We will be celebrating Memorial Day this weekend. This is one day of the year that we remember those who have died for our country while serving in the armed forces. I served in the Naval reserves for seven years, which included the years in which the Navy paid for my medical education. I spent time serving my country, but I did not have to sacrifice my life for my country as the men and women did who we honor on Memorial Day.
This memorial day I would like to honor the life of a man who had a great influence on me and my surgical career. His service to our country was a little different than that of a sailor. I would like to honor Jack H. Bloch, MD. who served as the chief of surgery during my years of residency training at Kern Medical Center in Bakersfield, California.
I still remember the interview trips I took during my fourth year in medical school searching to find a general surgery program to match into. When I interviewed at Kern Medical Center, I found something that I did not see at any other program I visited: They had happy residents.
Residency is a very tough time in our training. But the residents I met a Kern Medical Center were somehow different. They still worked the long hours. In fact, I worked several weeks in excess of 100 hours. This was before resident work hour restrictions. But happy residents were an anomaly as I interviewed at various residency programs.
It was only later that I learned the reason the residents were happy was because Dr. Bloch was the head of the department, and he set the tone.
Dr. Bloch was born in New York City in 1930. His family moved to Los Angeles when he was young and he later attended UCLA for his undergraduate degree. He went on to finish at the top of his medical school class in 1955, which was also UCLA. He completed an internship at Columbia Presbyterian Hospital in New York and then served in the National Institute of Health/Public Services in Bethesda.
His surgical training was in a Residency/PhD program under Dr. Owen Wangensteen at the University of Minnesota, followed by a cardiothoracic fellowship at Cornell. In 1976 he became the Chief of Surgery at Kern Medical center. Twelve years later, in 1988, I began my general surgical training a Kern Medical Center under his watchful eye.
I soon learned why the residents were happy under his training. The best way to describe him is a brilliant Teddy Bear with good hands. He always had a smile on his face and would do anything to help. He never made a resident feel stupid when they didn’t know an answer. Instead he set out to teach us what we didn’t know.
I have experienced several physician teachers who thought making a resident look stupid would make themselves look brilliant. It doesn’t work that way. We all knew he was brilliant. He didn’t need to put us down to build himself up.
His family is a testament to his life as well. At the time of his death, he had been married for 55 years. Both of his sons also became physicians.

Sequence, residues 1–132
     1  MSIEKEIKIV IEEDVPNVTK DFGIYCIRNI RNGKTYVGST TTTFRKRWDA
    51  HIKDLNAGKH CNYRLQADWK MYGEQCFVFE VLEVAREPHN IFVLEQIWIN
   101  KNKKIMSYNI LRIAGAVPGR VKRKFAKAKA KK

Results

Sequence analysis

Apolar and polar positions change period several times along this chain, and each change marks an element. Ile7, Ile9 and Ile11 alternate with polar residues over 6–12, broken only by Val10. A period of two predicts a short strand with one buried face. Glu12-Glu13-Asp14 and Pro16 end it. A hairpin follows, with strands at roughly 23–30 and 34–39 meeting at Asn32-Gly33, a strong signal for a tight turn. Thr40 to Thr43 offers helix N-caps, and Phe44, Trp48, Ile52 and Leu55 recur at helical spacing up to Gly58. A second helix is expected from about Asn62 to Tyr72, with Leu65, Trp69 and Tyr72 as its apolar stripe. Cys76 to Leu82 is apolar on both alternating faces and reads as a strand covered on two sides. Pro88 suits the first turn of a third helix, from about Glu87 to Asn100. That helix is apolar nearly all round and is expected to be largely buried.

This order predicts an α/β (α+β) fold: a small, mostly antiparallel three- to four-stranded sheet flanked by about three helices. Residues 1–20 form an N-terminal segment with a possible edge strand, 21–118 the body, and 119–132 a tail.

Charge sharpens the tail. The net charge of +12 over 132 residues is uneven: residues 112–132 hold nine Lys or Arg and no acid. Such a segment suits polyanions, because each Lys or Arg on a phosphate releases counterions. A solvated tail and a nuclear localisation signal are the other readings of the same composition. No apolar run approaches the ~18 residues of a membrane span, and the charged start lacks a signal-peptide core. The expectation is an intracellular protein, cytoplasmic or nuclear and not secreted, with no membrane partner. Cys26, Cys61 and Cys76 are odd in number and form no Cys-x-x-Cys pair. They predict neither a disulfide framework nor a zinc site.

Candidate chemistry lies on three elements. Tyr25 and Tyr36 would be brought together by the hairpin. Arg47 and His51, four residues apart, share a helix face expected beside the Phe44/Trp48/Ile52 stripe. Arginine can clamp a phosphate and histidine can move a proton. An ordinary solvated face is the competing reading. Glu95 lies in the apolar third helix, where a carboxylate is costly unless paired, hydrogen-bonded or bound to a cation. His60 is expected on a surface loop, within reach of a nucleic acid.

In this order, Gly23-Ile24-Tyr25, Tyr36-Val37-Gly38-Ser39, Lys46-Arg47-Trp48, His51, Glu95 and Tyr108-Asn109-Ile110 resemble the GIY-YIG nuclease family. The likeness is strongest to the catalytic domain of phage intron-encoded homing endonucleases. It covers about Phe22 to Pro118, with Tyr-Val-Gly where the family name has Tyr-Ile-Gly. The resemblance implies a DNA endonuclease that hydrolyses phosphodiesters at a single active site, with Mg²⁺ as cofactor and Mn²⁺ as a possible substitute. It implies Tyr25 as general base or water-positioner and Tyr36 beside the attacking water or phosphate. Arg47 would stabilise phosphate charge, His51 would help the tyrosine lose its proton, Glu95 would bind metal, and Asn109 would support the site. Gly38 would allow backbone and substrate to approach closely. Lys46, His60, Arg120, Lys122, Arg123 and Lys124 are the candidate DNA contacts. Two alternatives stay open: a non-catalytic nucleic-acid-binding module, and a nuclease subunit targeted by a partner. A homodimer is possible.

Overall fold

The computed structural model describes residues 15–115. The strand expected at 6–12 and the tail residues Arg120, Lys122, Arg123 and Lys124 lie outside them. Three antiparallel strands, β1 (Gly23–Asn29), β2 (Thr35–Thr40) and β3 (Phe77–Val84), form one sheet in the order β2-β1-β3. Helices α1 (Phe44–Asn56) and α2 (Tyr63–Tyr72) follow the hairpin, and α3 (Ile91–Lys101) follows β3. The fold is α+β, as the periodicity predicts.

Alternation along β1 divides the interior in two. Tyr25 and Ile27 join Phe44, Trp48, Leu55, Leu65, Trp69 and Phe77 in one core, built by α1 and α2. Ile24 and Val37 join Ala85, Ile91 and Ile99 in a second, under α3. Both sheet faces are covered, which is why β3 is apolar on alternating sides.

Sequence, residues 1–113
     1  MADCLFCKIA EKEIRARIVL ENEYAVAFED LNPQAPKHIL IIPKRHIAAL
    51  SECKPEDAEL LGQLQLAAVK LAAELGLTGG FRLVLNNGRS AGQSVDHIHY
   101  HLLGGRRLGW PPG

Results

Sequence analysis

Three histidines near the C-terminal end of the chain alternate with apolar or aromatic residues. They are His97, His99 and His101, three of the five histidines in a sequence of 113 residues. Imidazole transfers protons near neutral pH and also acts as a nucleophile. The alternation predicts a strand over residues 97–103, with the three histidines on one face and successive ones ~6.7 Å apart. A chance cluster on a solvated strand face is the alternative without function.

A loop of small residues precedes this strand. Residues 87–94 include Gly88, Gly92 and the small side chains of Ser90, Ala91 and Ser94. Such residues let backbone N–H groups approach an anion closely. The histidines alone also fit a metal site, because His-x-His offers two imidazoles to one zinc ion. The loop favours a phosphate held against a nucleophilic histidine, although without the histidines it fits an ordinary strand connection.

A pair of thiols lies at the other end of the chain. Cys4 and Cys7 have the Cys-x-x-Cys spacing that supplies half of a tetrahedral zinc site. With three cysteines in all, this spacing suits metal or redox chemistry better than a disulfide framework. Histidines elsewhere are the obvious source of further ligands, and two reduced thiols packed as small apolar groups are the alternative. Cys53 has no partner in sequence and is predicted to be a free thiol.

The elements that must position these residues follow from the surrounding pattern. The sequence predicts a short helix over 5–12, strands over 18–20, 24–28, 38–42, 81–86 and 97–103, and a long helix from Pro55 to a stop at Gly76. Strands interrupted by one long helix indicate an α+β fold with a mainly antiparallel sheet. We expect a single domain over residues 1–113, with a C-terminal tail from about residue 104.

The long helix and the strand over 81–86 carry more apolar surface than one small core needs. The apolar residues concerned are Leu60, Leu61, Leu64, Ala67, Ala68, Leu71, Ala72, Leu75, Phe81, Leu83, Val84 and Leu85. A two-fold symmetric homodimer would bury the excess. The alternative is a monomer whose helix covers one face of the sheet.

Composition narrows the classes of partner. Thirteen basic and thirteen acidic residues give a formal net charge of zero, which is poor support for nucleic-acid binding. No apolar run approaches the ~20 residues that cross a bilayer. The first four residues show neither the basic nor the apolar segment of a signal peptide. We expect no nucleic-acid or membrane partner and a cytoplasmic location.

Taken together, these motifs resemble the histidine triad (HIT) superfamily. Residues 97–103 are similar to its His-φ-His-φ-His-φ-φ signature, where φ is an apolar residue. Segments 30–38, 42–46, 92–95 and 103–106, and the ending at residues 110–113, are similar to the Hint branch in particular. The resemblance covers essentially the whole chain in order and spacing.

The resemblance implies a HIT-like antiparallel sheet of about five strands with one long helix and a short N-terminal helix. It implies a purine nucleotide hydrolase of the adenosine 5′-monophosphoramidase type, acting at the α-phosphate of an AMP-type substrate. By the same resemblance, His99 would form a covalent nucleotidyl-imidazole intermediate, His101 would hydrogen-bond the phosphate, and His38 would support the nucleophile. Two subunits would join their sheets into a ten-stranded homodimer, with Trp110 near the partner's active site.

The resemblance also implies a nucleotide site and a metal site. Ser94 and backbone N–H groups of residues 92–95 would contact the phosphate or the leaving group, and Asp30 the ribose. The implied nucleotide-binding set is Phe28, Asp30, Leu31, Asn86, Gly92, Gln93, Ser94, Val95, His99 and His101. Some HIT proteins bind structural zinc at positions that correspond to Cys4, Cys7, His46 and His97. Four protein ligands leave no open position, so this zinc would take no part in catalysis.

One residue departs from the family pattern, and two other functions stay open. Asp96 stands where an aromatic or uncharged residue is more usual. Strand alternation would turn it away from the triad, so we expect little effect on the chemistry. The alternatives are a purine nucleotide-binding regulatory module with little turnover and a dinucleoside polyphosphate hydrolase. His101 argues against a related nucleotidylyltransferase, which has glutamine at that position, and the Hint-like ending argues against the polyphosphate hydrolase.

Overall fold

Several years ago, at an American College of Surgeons meeting, someone put together a dinner in honor of Dr. Bloch. There were many surgeons who came. Some came to the meeting that year just to see him again. Everyone had fond memories of their mentor. Lest you think I am the only one who thought this, here is some of the statements made from other’s speaking about Dr. Bloch:
Dr. Jack Bloch’s mentorship put me on a path that has led me to great professional satisfaction.
I will never forget his kindness and patience.
It was a great honor to have known Dr Bloch.
The thing that I will always remember him for, other than he was a great and caring doctor, was his great sense of humor.
He was also very caring, respectful, supportive and a great man to have in your corner.
He was an excellent boss who always went out of his way to let me know he appreciated the work I did.
Dr. Bloch was always an island of calm in what seemed to me to be a very stormy sea.
He truly was a “Gentle Giant.”
He was a true Legend.
He had an open door policy with his residents, which was remarkable.
He was a kind and gentle personality during a time when harshness and intimidation were the modus operandi at most surgical training programs.
Jack was a brilliant surgeon, a great teacher, and a revered chairman of surgery.
It was a great privilege to work with him.
Four years ago this month, Dr. Bloch passed away at age 84. It seems fitting that he was still teaching residents up until the last year of his long life. He loved teaching and was excellent at his passion. When you add up all the residents he trained over the years and all the lives they have touched, you can see a truly remarkable, long, and satisfying career in medicine.
Dr. Jack H. Bloch, November 25, 1930 – May 13, 2015, you were a hard act to follow.
Were there any influential and great people who shaped who you are today? If so, I’d love to hear your story.
Happy Memorial Day